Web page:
Application of orange essential oil as an antistaphylococcal agent in a dressing model

BMC Complement Altern Med. 2012 Aug 16;12:125. doi: 10.1186/1472-6882-12-125.

Abstract

Background: Staphylococcus aureus is the pathogen most often and prevalently involved in skin and soft tissue infections. In recent decades outbreaks of methicillin-resistant S. aureus (MRSA) have created major problems for skin therapy, and burn and wound care units. Topical antimicrobials are most important component of wound infection therapy. Alternative therapies are being sought for treatment of MRSA and one area of interest is the use of essential oils. With the increasing interest in the use and application of natural products, we screened the potential application of terpeneless cold pressed Valencia orange oil (CPV) for topical therapy against MRSA using an in vitro dressing model and skin keratinocyte cell culture model.

Methods: The inhibitory effect of CPV was determined by disc diffusion vapor assay for MRSA and vancomycin intermediate-resistant S. aureus (VISA) strains. Antistaphylococcal effect of CPV in an in vitro dressing model was tested on S. aureus inoculated tryptic soya agar plate. Bactericidal effect of CPV on MRSA and VISA infected keratinocyte cells was examined by enumeration of extra- and intra-cellular bacterial cells at different treatment time points. Cytotoxic effects on human skin cells was tested by adding CPV to the keratinocyte (HEK001) cells grown in serum free KSFM media, and observed by phase-contrast microscope.

Results: CPV vapour effectively inhibited the MRSA and VISA strains in both disc diffusion vapour assay and in vitro dressing model. Compared to untreated control addition of 0.1% CPV to MRSA infected keratinocyte decreased the viable MRSA cells by 2 log CFU/mL in 1 h and in VISA strain 3 log CFU/mL reduction was observed in 1 h. After 3 h viable S. aureus cells were not detected in the 0.2% CPV treatment. Bactericidal concentration of CPV did not show any cytotoxic effect on the human skin keratinocyte cells in vitro.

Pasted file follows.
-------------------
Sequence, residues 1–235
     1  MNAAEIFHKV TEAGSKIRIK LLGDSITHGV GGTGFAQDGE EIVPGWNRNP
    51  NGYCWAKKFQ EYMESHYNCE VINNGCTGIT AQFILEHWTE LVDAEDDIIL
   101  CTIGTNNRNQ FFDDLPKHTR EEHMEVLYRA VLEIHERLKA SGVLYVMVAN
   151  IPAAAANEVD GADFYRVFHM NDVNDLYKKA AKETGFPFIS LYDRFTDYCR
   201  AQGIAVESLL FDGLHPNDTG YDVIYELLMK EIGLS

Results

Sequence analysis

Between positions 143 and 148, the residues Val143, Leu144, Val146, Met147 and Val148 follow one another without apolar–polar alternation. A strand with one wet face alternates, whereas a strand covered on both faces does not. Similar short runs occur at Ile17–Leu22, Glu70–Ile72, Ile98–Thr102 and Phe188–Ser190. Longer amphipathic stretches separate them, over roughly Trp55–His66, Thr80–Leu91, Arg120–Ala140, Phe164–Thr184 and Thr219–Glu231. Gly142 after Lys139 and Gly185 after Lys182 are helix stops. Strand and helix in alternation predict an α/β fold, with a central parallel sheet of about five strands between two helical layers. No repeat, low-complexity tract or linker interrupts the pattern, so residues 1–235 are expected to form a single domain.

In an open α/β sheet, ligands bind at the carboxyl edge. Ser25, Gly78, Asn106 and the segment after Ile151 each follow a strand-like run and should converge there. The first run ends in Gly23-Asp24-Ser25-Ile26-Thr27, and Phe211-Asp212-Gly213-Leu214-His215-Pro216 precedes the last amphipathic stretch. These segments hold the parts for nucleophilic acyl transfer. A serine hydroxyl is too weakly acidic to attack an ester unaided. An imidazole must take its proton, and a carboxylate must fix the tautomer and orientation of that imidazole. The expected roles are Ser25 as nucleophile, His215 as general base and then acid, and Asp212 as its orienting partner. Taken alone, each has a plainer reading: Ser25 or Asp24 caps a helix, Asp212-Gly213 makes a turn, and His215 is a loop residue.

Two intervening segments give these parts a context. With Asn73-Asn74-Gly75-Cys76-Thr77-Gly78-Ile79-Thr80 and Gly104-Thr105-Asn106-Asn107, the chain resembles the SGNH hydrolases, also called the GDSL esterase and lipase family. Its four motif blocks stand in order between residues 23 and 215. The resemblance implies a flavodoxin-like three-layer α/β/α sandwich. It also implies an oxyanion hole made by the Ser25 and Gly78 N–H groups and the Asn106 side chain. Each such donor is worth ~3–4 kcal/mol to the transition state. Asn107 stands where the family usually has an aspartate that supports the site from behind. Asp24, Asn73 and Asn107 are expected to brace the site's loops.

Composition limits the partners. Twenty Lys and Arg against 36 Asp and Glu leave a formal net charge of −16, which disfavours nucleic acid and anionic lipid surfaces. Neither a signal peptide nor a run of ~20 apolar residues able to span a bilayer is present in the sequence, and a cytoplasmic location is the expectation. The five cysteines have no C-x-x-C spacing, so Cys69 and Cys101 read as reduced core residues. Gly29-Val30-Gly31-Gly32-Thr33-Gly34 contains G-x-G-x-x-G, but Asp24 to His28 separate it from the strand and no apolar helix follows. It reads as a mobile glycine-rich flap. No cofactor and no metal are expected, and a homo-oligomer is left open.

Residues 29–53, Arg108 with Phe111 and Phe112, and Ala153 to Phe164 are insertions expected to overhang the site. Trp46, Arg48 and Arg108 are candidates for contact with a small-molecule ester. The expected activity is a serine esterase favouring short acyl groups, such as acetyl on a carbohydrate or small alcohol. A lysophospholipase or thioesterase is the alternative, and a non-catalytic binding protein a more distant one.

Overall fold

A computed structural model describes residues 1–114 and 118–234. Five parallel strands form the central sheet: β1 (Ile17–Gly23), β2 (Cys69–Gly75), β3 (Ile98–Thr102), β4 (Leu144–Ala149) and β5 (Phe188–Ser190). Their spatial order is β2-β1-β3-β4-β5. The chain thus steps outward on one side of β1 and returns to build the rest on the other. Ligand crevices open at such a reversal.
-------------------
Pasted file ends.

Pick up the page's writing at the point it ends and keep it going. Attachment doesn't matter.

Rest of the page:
Conclusions: At lower concentration addition of CPV to keratinocytes infected with MRSA and VISA rapidly killed the bacterial cells without causing any toxic effect to the keratinocytes. Therefore, the results of this study warrant further in vivo study to evaluate the potential of CPV as a topical antistaphylococcal agent.

MeSH terms

  • Anti-Bacterial Agents / pharmacology
  • Anti-Bacterial Agents / therapeutic use*
  • Burns / drug therapy
  • Burns / microbiology
  • Cell Culture Techniques
  • Citrus sinensis / chemistry*
  • Humans
  • Keratinocytes / drug effects
  • Keratinocytes / microbiology
  • Methicillin Resistance
  • Methicillin-Resistant Staphylococcus aureus / drug effects
  • Phytotherapy
  • Plant Extracts / pharmacology
  • Plant Extracts / therapeutic use
  • Plant Oils / pharmacology
  • Plant Oils / therapeutic use*
  • Skin / cytology
  • Skin / drug effects*
  • Skin / microbiology
  • Staphylococcal Infections / drug therapy*
  • Staphylococcal Infections / microbiology
  • Staphylococcus aureus / drug effects*
  • Vancomycin Resistance
  • Wound Healing / drug effects*
  • Wound Infection / drug therapy
  • Wound Infection / microbiology

Substances

  • Anti-Bacterial Agents
  • Plant Extracts
  • Plant Oils
  • orange oil